NEW YORK - The Phillies came to Citi Field with the intentions of putting some distance between them and the Mets in the NL East race in a three-game series that began tonight.
The Phillies appeared to have the Mets where they wanted them, aside from the gifted left arm of Johan Santana, the National League's premier pitcher so far this season.
The Mets had a watered-down lineup without injured Jose Reyes and Carlos Delgado and they're also missing setup man J.J. Putz. Besides, they hadn't exactly inspired confidence in their followers during a recently completed road trip that saw them get swept by the Pirates and go 2-4.
But Santana ambushed the Phillies with his bat and his glove in the Mets' 6-5 win, which cut the Phils' lead over them to two games.
Santana erased a 4-3 Phils lead in the sixth with a run-scoring double off Clay Condrey, then speared a wicked line drive by Shane Victorino and turned it into an inning-ending double play in the seventh.
For the most part, the Phillies solved Santana, raking him for home runs by Ryan Howard, Raul Ibanez, Jimmy Rollins and Chase Utley. Only once before in his career had Santana been pounded for four homers.
J.A. Happ's fledgling career as a starter was on a modest but smooth trajectory when he took the mound for the Phillies.
In the three starts since he nudged Chan Ho Park out of the rotation, the 26-year-old lefthander had every right to feel good about himself after seven innings of scoreless pitching in San Diego that jump-started the Phillies' road trip with a win eight days ago.
Tonight, the trajectories belonged to the Mets, who went into the game with a paltry 34 homers for the season but hit two off Happ. But Happ showed some grit by making enough quality pitches to hand a 4-3 lead to Condrey with one out in the sixth inning. Effective for most of the season, Condrey was of little help. He gave up run-scoring hits to Santana, who smacked a double down the right-field line, and to Alex Cora as the Mets pulled in front, 5-4.
David Wright had gone 100 at bats without a homer before he ripped a 1-2 fastball into the left-field seats in the second inning for his fourth of the season. It was the second-longest homer drought of his career. His last one came against Jamie Moyer on May 7. Wright's homer came after Happ had retired the first four batters, and it seemed to immediately knock him out of rhythm. He wriggled out of a self-induced jam in the rest of the second, and after Carlos Beltran drilled a two-run homer in the third, Happ gave up a walk, a double to Wright, and an intentional walk to load the bases with one out.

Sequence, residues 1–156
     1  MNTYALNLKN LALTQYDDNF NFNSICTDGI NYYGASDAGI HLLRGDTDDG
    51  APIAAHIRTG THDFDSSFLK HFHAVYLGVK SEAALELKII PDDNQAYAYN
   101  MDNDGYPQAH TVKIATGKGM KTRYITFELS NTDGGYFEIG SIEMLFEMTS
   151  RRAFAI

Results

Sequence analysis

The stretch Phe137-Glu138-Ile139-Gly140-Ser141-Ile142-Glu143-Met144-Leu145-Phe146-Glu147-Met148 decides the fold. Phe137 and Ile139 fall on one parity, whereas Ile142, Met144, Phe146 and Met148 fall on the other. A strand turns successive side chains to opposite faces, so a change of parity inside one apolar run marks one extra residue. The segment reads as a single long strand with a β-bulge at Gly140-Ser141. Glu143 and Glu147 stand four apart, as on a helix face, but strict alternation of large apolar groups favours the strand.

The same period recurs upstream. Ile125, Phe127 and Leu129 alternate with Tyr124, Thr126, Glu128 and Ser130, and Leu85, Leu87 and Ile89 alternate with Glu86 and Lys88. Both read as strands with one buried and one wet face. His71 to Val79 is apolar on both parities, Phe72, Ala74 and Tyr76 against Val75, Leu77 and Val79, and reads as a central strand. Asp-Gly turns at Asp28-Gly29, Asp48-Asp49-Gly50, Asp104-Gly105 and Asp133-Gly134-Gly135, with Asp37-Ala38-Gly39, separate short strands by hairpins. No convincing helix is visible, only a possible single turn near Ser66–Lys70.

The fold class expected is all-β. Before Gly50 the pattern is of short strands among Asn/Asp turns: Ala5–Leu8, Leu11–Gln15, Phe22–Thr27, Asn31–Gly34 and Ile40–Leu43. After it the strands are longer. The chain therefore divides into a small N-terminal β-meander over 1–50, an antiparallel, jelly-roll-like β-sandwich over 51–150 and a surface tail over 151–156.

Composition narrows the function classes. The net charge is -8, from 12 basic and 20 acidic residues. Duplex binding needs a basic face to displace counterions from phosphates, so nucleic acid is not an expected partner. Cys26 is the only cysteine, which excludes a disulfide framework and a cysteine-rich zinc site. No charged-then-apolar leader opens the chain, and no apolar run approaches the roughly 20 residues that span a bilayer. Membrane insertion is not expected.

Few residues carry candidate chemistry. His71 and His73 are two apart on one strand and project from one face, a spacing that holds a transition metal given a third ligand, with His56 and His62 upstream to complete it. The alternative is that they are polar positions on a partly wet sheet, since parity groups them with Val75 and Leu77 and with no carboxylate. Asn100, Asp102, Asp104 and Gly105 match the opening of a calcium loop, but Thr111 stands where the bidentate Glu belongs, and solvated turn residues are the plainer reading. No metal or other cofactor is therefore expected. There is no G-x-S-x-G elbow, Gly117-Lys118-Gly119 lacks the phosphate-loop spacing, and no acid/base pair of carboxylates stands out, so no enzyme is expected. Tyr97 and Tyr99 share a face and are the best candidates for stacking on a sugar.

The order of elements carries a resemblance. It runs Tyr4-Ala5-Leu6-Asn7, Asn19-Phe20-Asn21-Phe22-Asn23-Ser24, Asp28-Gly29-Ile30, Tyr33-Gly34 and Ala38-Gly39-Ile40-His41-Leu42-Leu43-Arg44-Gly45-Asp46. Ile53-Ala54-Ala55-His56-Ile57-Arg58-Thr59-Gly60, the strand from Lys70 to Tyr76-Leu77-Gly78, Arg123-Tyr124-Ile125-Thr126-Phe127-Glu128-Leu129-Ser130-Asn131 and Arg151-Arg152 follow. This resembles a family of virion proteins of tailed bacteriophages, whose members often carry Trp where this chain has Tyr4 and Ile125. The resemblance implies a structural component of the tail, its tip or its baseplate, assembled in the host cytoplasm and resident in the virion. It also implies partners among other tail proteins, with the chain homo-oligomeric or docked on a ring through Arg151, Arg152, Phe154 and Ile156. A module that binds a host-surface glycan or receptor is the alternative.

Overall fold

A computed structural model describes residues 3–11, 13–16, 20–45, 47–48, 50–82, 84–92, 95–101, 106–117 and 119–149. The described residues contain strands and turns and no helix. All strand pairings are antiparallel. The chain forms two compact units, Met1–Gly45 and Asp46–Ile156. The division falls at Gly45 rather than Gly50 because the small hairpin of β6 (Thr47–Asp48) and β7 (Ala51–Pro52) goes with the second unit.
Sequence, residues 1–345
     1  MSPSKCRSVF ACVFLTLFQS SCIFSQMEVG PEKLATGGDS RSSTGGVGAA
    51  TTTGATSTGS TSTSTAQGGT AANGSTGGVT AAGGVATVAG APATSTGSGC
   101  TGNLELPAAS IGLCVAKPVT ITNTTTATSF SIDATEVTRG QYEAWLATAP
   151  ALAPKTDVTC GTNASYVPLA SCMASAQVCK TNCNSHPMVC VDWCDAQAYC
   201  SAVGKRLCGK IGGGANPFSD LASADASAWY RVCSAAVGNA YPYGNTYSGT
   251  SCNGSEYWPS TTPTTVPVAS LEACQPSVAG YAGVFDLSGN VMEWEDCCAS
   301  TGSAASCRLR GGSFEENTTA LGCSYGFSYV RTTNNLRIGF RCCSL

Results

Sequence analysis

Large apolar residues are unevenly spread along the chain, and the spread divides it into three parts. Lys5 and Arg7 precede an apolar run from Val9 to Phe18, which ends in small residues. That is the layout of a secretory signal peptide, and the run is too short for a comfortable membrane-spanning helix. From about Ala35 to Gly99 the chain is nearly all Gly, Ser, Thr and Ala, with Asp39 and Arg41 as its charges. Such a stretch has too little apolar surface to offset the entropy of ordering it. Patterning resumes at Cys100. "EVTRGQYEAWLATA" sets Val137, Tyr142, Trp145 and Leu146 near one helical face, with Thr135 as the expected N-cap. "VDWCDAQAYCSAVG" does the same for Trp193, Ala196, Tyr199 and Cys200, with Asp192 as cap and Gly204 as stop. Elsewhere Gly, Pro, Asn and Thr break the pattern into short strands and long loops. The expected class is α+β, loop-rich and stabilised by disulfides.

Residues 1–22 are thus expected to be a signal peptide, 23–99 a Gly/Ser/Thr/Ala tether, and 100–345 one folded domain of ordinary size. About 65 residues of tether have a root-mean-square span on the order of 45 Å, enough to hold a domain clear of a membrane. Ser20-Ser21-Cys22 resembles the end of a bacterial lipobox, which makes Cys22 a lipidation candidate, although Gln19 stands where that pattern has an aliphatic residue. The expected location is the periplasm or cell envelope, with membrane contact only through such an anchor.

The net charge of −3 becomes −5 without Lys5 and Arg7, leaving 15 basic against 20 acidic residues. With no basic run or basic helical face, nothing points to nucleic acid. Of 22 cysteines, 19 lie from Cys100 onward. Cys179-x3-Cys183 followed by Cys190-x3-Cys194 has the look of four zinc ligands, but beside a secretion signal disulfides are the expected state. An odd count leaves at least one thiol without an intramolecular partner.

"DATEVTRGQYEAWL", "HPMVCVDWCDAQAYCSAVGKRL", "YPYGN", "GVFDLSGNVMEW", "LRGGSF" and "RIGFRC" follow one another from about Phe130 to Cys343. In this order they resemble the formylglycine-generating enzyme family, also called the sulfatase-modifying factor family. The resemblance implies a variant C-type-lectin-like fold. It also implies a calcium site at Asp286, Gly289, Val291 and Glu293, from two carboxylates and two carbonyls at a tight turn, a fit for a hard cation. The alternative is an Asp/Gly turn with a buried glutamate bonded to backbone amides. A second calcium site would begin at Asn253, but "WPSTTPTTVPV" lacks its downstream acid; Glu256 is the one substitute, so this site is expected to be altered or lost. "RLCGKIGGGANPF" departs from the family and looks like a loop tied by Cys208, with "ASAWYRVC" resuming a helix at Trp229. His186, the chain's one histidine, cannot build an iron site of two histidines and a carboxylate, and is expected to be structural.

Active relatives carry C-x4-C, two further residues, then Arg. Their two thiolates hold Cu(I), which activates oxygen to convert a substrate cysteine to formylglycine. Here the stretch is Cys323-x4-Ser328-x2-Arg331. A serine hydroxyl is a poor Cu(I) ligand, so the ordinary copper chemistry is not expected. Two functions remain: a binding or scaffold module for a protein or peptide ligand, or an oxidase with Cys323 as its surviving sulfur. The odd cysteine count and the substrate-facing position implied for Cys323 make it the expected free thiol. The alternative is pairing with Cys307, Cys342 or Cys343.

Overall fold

A visit from pitching coach Rich Dubee ensued, and Happ was on the edge. He survived the inning. But with Happ's pitch count at 106, Charlie Manuel sent for Condrey with one out and a runner on first in the sixth. Manuel wanted the righthanded Condrey to face the righthanded-hitting Cora. The strategy backfired.
The Phillies began as if they were going to go down meekly against Santana. They were swinging early in the count and spraying pop-ups all over the field. Then they did what they do best - they played long ball.
Howard and Ibanez hit back-to-back homers in the fourth, the third time the Phils have done it this season. Howard's homer was the 195th of his career, moving him into a tie for eighth place with Bobby Abreu on the club's all-time list.
In the sixth, Rollins, who gets booed regularly by Mets fans, hit a two-run homer with two outs, and it was 4-3 Phils.